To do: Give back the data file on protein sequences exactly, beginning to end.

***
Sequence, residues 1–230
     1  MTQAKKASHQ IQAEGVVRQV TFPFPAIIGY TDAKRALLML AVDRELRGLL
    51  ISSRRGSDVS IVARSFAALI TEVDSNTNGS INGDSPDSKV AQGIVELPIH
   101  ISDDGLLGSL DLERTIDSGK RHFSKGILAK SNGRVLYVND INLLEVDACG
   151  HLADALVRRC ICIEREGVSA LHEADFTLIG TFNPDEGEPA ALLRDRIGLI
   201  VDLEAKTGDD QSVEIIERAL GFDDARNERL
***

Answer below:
Sequence, residues 1–230
     1  MTQAKKASHQ IQAEGVVRQV TFPFPAIIGY TDAKRALLML AVDRELRGLL
    51  ISSRRGSDVS IVARSFAALI TEVDSNTNGS INGDSPDSKV AQGIVELPIH
   101  ISDDGLLGSL DLERTIDSGK RHFSKGILAK SNGRVLYVND INLLEVDACG
   151  HLADALVRRC ICIEREGVSA LHEADFTLIG TFNPDEGEPA ALLRDRIGLI
   201  VDLEAKTGDD QSVEIIERAL GFDDARNERL